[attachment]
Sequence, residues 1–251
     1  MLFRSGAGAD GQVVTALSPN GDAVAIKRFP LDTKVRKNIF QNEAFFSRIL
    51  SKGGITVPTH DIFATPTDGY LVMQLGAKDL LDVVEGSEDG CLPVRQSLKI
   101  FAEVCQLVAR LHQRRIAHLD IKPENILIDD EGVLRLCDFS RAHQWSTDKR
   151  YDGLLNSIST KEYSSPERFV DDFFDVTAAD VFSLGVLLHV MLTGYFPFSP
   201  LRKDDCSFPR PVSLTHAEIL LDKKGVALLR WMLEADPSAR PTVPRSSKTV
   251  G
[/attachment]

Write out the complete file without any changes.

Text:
Sequence, residues 1–251
     1  MLFRSGAGAD GQVVTALSPN GDAVAIKRFP LDTKVRKNIF QNEAFFSRIL
    51  SKGGITVPTH DIFATPTDGY LVMQLGAKDL LDVVEGSEDG CLPVRQSLKI
   101  FAEVCQLVAR LHQRRIAHLD IKPENILIDD EGVLRLCDFS RAHQWSTDKR
   151  YDGLLNSIST KEYSSPERFV DDFFDVTAAD VFSLGVLLHV MLTGYFPFSP
   201  LRKDDCSFPR PVSLTHAEIL LDKKGVALLR WMLEADPSAR PTVPRSSKTV
   251  G